Friday, June 22, 2018

Burda 6456 top in silk chiffon

Is it ruffle? A flounce? Whatever you call that detail it worked out really well for this silk chiffon fabric that had a bit of a shaky start. I've been wanting to make something with this type of flounce for quite a while and I had always liked a particular Burda magazine pattern 05-2017-109. But maybe not enough to buy the PDF and print/tape etc. So one day when Burda envelope patterns were on sale and I was scouring the pattern catalog for hidden treasures I came across this one, which is Burda 6456. Slight difference as it has a set in sleeve and the magazine pattern has raglan seaming but the same general idea. So thank you Burda for a printed pattern :) which makes things so much easier.

This pattern is ideal for silk chiffon, and as it happened I had ordered this silk on a whim from Fashion Fabrics Club on a whim, I think it was quite inexpensive but when it arrived I loved the color and the feel of it.

pink silk top3

Pattern love on this one. Quite easy to sew and silk presses so well that the edge on the flounce was not too difficult. I (briefly) thought about trying the narrow hem foot but really that is just about impossible to use on most fabrics and even more tricky on curves. Or maybe you can get it to work but I admit that foot is my sewing achilles heel. (ha ha bad joke intended).  No matter - didn't need it.

Slightly wacky print. Is it just an abstract? or some variation on leopard print rendered in deep pink and blue? Anyway that pink is one of my favorite colors.

silk ruffle top close up

Here's the pattern envelope. I could see making the flounce version but with long sleeves for the winter. It has just enough of a collar to satisfy my "I need something on the back of my neck or I will be cold" requirement.


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But this top had a bit of a circuitous route to get here. I started making a shirt from a winter Burda magazine, I forget which one, maybe Feb. The shirt that had the diagonal darts along the center front button band, but after about 2 hours of construction realized the details were disappearing in this fabric and it wanted to be something way more flowy and not structured. SO recut! I used the sleeves to cut the flounces, used the remaining uncut yardage for the front, fortunately there was some so I could have this do-over. The back was cobbled together with the back pieces from the first-try pattern and all in all it came out OK.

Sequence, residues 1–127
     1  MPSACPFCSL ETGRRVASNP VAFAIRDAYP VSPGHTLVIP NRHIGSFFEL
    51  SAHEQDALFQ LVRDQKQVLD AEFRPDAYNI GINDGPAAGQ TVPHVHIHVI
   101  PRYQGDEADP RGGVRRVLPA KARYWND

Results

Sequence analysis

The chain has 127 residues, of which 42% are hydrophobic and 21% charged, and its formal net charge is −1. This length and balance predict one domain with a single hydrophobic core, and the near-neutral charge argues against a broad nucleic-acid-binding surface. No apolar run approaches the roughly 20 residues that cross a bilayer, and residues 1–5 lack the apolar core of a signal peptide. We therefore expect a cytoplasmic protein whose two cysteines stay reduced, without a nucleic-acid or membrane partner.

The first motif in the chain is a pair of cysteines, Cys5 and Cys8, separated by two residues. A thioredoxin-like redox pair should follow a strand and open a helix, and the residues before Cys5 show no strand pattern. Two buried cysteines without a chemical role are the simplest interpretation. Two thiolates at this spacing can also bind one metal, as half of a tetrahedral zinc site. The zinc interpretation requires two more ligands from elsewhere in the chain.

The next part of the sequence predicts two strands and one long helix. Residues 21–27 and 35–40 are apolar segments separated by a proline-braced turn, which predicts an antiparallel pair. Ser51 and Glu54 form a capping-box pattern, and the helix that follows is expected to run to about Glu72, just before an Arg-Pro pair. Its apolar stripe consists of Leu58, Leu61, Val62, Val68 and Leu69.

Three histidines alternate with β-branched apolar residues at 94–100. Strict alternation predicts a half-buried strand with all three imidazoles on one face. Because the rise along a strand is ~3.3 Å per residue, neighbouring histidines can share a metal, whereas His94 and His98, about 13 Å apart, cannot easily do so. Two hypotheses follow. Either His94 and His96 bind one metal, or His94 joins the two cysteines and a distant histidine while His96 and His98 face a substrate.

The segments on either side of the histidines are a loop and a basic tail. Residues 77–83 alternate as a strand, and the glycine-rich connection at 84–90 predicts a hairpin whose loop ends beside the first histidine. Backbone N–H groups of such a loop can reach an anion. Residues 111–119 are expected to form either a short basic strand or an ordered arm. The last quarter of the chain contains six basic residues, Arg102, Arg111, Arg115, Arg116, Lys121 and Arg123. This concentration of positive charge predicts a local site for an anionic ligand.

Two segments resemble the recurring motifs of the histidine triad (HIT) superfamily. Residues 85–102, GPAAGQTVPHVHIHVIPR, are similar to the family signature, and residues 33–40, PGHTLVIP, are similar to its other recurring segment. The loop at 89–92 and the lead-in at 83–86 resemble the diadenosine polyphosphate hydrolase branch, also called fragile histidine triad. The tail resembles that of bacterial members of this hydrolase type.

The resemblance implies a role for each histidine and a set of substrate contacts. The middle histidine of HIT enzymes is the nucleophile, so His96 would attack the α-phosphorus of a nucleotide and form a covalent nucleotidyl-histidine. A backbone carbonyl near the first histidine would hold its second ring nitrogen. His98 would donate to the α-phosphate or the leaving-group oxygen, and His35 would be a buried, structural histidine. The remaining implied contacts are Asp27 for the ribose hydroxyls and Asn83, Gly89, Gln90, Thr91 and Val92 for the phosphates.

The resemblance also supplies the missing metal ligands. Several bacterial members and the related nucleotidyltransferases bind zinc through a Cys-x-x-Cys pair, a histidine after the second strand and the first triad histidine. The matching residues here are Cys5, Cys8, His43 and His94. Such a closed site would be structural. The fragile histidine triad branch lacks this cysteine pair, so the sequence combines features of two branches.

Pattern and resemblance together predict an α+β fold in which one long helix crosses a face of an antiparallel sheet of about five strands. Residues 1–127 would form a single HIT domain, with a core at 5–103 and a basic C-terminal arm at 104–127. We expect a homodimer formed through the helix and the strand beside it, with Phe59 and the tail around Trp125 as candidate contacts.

Here's the first version, partially done. And just why did I start with this fabric? It needs something way more crisp, a nice cotton shirting will be better and I will revisit in the fall.

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And the back, you can see the seam across the center, the original blouse had that waist seam front and back, but I think in this busy print it is fine.


silk ruffle top back view

Side view. This pattern does have a bust dart which give some shaping. I cut a size 38 which is my usual top size in Burda and added a bit in the hips, which I always do. I wanted it to be loose and flowy.

silk ruffle top side view

And I did cut the armholes in a bit, and then did a bias binding with the same fabric. Do you love doing bias binding with silk fabric? - it's one of those things that give me sewing pleasure.


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These pictures were taken weeks ago, the weather was lovely - then we had a return of "not spring" for a while, and tomorrow will be full on summer with temps in the 100's ℉. Yeah, summer is here now! And my expression is saying - hurry up with the picture taking because happy hour with vino and pizza is happening behind me.

But I can hang around for just another minute with the giant red pots. Wow those would be fun to have in my garden although once they were put in place I expect they stay there forever.

pink silk top with planters


Tomorrow is a Skirt class at Hello Stitch and then June is almost over. They are closed the week of July 4 but when they return from that vacation break we have all kinds of fun classes. Garment Copying (July 22) is really popular so we are offering that again. Same with Pattern Fitting: Adjust the Bust, that will be offered again (July 15).
A couple of dress classes coming up as well, our Bondi dress class (Aug 12) and a Sew a Wrap dress class (Aug 4, where you can use any wrap dress pattern you like).